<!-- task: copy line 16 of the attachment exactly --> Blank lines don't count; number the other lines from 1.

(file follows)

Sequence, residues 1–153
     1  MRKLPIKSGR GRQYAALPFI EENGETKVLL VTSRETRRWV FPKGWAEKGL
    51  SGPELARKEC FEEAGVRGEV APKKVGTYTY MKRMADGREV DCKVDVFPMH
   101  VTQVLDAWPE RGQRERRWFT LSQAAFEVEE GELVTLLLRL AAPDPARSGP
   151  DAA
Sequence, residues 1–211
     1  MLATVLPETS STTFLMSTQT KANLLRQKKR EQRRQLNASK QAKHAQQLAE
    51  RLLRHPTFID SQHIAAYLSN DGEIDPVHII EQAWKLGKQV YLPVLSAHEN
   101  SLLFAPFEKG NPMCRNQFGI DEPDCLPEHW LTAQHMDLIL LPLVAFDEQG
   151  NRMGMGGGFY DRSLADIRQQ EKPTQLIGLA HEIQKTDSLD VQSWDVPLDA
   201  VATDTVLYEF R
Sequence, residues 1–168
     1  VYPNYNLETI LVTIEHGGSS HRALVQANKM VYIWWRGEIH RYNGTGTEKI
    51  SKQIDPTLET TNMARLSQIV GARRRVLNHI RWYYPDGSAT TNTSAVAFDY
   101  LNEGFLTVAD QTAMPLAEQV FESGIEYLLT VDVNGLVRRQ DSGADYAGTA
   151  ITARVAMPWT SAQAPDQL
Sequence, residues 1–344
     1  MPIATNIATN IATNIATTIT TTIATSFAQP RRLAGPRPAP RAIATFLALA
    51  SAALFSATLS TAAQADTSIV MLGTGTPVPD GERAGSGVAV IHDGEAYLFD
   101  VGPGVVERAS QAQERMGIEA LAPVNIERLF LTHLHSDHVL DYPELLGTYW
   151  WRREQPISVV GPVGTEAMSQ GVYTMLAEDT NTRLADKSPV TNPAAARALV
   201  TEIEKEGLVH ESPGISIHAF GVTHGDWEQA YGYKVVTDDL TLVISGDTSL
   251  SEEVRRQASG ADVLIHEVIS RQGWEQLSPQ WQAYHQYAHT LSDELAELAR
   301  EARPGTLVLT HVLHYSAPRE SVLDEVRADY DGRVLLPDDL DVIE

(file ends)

   151  ITARVAMPWT SAQAPDQL